I turn away from Lambert's puking and study the new arrival, who is sleeping outside the canopy with his mouth slightly open. He is not particularly striking for a man who claims to be the Almighty. His eyebrows are thick, his cheeks are flabby, he has a wide chin and small ears, partly covered by that dark nest of hair. I admit I felt a chill when he said those things yesterday:
I am here . . . Have you not been calling me?
But later, when Geri handed out packets of peanut butter crackers, he ripped open the plastic and devoured the contents so quickly, I thought he'd choke. I doubt God would ever get that hungry. Certainly not for peanut butter crackers.

Still, for the moment, he has distracted us. Earlier, as he slept, we gathered to whisper our theories.

“Do you think he's delirious?”

“Of course! He probably banged his head.”

“There's no way he survived three days treading water.”

“What's the longest a man can do that?”

“I read about a guy who lasted twenty-eight hours.”

“Still not three days.”

“He honestly thinks he's
God
?”

“He had no life jacket!”

“Maybe he came from another boat.”

“If there were another boat, we would have seen it.”

Finally, Nina spoke up. She was the
Galaxy
's hairstylist, born in Ethiopia. With her high cheekbones and flowing
dark locks, she retains a certain elegance even here in the middle of the sea. “Has anyone considered the least likely explanation?” she asked.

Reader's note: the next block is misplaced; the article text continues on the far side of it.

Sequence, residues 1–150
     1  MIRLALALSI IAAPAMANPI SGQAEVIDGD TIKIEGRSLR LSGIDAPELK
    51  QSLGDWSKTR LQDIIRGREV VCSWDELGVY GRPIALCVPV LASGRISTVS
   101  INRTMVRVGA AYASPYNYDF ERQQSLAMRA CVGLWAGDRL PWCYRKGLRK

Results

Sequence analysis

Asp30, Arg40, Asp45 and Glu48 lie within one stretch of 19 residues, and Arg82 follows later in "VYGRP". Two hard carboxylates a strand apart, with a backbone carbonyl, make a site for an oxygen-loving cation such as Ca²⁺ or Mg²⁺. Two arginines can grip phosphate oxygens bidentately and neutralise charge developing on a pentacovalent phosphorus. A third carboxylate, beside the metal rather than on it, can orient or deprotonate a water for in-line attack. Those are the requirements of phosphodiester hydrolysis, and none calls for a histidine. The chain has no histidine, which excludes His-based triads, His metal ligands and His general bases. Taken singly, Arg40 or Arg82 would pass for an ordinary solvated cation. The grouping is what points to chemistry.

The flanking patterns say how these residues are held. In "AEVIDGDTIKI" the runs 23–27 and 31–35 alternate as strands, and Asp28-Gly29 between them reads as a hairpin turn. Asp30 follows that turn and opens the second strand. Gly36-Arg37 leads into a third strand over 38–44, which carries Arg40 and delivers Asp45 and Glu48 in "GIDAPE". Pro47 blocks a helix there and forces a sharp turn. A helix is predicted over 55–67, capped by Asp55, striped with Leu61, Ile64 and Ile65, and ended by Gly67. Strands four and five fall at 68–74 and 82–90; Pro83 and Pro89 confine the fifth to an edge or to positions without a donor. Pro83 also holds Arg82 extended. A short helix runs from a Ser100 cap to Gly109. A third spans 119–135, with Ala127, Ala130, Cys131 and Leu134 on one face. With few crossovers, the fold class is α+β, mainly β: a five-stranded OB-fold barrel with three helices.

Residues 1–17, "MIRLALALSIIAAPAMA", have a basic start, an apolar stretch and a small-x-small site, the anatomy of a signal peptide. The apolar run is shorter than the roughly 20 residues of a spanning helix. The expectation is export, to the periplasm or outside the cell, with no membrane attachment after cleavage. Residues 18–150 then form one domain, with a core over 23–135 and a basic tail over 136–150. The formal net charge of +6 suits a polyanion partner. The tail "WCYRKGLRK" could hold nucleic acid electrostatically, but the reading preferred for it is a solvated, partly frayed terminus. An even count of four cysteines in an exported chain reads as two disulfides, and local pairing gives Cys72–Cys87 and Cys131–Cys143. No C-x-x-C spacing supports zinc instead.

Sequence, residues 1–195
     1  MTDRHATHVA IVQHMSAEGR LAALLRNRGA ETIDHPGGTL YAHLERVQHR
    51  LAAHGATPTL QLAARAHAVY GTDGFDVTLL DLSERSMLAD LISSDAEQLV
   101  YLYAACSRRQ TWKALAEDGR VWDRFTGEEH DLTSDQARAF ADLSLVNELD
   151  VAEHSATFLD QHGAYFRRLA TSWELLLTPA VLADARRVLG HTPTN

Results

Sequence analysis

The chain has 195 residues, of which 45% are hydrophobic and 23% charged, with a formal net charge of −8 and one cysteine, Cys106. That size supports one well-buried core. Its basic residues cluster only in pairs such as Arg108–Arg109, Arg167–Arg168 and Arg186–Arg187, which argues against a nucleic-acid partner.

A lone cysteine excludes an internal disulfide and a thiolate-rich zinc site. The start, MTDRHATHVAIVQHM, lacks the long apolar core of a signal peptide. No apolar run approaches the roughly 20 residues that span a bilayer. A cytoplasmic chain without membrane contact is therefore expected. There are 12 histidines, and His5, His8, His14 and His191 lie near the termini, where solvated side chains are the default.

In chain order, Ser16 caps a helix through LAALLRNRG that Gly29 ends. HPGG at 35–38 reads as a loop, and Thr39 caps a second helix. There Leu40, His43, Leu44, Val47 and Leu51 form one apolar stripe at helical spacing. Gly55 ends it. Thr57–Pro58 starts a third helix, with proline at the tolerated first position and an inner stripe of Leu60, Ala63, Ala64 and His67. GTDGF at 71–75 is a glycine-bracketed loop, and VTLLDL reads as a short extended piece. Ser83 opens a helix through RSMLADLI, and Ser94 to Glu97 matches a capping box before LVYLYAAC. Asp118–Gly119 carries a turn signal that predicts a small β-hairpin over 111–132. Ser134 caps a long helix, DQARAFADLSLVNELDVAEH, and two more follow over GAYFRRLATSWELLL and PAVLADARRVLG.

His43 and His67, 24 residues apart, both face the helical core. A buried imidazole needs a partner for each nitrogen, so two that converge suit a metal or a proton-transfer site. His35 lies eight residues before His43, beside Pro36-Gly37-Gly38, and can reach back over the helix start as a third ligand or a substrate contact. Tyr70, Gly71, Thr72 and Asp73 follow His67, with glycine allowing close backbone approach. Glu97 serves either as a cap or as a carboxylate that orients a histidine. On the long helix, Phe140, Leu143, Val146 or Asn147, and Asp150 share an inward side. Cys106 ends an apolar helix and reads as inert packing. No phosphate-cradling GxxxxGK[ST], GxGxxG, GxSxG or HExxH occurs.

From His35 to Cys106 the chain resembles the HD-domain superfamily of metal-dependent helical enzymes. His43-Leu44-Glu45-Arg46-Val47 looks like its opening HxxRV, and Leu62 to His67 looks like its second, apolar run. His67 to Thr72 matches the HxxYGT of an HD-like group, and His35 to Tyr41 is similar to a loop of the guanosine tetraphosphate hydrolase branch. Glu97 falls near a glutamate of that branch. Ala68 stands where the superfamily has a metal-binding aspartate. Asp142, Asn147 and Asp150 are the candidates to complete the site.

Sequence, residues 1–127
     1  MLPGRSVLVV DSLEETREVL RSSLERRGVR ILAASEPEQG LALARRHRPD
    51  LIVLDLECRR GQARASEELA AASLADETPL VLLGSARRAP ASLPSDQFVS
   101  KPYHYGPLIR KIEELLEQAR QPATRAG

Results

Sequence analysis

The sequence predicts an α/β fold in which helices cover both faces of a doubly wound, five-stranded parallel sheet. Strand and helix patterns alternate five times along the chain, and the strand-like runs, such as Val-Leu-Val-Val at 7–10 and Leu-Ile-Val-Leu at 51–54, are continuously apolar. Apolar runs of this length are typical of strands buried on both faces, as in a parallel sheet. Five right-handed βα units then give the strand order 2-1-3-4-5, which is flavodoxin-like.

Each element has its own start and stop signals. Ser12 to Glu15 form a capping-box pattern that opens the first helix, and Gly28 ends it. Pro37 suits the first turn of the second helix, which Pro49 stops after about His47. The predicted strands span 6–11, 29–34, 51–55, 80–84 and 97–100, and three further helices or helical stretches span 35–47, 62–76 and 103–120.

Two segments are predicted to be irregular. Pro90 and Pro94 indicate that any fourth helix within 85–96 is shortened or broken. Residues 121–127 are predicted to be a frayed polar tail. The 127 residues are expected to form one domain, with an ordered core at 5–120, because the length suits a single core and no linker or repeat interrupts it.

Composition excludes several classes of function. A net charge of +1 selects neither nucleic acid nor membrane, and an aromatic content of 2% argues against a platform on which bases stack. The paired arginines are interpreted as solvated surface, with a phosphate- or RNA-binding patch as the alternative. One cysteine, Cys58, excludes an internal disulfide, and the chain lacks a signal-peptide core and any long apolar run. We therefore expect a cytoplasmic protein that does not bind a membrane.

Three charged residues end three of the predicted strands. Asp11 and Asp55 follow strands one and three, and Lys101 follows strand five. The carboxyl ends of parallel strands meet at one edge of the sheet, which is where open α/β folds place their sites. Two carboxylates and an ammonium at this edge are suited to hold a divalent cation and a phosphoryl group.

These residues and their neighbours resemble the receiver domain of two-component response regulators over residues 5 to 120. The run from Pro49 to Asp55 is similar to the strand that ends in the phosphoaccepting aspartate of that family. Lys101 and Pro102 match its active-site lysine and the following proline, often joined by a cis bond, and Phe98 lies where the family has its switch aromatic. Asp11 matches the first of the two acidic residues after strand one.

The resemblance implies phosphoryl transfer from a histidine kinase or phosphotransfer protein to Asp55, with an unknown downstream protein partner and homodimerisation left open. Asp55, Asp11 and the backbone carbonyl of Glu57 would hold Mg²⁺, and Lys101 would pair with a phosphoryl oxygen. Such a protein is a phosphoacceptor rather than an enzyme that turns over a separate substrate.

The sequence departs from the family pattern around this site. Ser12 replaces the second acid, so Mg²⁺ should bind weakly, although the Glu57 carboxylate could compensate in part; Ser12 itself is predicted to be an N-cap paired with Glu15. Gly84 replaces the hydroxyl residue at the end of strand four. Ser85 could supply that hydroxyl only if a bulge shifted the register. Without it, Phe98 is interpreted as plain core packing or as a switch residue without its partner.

“Which is?” Yannis said.

“That he's telling the truth? That he's come in our hour of need?”

Eyes darted from one to the next. Then Lambert started laughing, a deep, dismissive cackle. “Oh, yes! That's how we all picture God. Floating like seaweed until you pull him into your boat. Come on. Did you look at him? He's like some island kid who fell off his surfboard.”

We shifted our legs. No one said much after that. I looked up at the pale white moon, which hung large in the sky. Do some of us think it possible? That this strange new arrival is actually the Lord incarnate?

I can only speak for myself.

No, I do not.

Land

LeFleur drove the man called Rom to the north shore of the island. He tried to make conversation, but Rom answered with polite deflections: “Yes, Inspector” and “No, Inspector.” LeFleur eyed the glove compartment, where he kept a small flask of whisky.

“You live up by St. John's?” LeFleur tried.

Rom half nodded.

“Where do you go liming?”

Rom looked at him blankly.

“Liming? Chilling? Hanging out?”

No response. They drove past a rum shop and a boarded-up disco/café, with turquoise shutters hanging loosely off their hinges.

“What about surfing? You do any surfing? Bransby Point? Trants Bay?”

“I don't care much for the water.”

“Come on, man,” LeFleur laughed. “You're on an island!”

Rom looked straight ahead. The inspector gave up. He reached for another cigarette. Through his rolled-down window, he glanced back at the mountains.

Twenty-four years before, Montserrat's volcano, Soufrière Hills, erupted after centuries of silence, covering the entire southern part of the island in mud and ash. The capital was destroyed. Lava smothered the airport. Just like that, the nation's economy evaporated in dark smoke. Two-thirds of the population fled Montserrat within a year, mostly to England, where they were given emergency citizen status. Even now, the island's southern half remains uninhabited, an ash-covered “exclusion zone” of abandoned towns and villas.